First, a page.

Levine Cava noted that Miami-Dade was the most vaccinated county in Florida, and those efforts have paid off, with fewer hospitalizations than in past surges. But caution was still warranted.
“We have not beaten this virus, but we know how to control it,” she wrote.
Honolulu Mayor Rick Blangiardi has taken a similar approach.
“Coronavirus is not going away,” he wrote in a statement Wednesday. “I encourage everyone to continue to demonstrate personal responsibility and wear your masks when around others, get tested if you are not feeling well and please make sure to get your booster.”
Blangiardi said his administration was not considering reinstating mask mandates or other restrictions but that it would “consider all possible solutions to any situation that warrants a response.”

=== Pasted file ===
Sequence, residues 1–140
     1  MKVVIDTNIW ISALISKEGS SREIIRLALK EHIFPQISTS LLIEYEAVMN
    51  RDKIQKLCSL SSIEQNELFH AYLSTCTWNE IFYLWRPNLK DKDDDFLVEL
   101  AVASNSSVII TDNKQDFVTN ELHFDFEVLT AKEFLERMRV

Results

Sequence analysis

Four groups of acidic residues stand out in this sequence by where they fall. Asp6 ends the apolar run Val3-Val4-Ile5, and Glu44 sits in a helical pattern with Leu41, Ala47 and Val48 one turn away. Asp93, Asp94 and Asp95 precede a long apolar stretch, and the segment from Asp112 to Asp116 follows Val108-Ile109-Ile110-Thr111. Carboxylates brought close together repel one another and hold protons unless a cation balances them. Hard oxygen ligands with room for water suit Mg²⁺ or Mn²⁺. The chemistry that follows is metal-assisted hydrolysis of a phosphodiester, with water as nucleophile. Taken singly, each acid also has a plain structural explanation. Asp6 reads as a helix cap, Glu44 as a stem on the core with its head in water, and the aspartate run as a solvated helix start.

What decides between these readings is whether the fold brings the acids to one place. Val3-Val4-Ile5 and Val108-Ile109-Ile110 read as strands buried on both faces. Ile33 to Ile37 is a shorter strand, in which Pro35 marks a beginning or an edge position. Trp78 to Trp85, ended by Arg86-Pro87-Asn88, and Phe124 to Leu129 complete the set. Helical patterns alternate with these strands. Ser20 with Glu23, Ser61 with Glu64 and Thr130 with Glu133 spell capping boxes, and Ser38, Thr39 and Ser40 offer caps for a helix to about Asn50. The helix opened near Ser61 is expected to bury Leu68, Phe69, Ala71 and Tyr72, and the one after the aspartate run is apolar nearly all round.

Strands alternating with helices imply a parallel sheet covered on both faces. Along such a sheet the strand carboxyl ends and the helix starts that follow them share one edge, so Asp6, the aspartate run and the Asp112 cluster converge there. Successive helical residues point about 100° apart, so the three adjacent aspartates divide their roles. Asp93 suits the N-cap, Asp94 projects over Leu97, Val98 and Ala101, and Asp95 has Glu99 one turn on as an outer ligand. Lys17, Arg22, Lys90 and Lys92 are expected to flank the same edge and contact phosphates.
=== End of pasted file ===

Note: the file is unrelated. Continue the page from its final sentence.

Oahu has experienced a significant surge akin to Miami-Dade’s since early April, but in Honolulu’s case there are signs that it may have peaked. New virus cases have declined slightly over the past two weeks to 85 cases a day per 100,000 residents, and the positivity rate stopped climbing in mid-May.
Hawaii had some of the strictest travel restrictions in the country, requiring everyone arriving to the state to complete a 14-day quarantine. In March it lifted its travel restrictions, allowing travelers from the mainland to enter without testing, and became the last state in the nation to remove its indoor masking requirement.
A month later the state’s tourism industry recorded its highest traffic figures since the beginning of the pandemic, with more than 800,000 visitors arriving in the Hawaiian Islands, according to the state Department of Business, Economic Development and Tourism.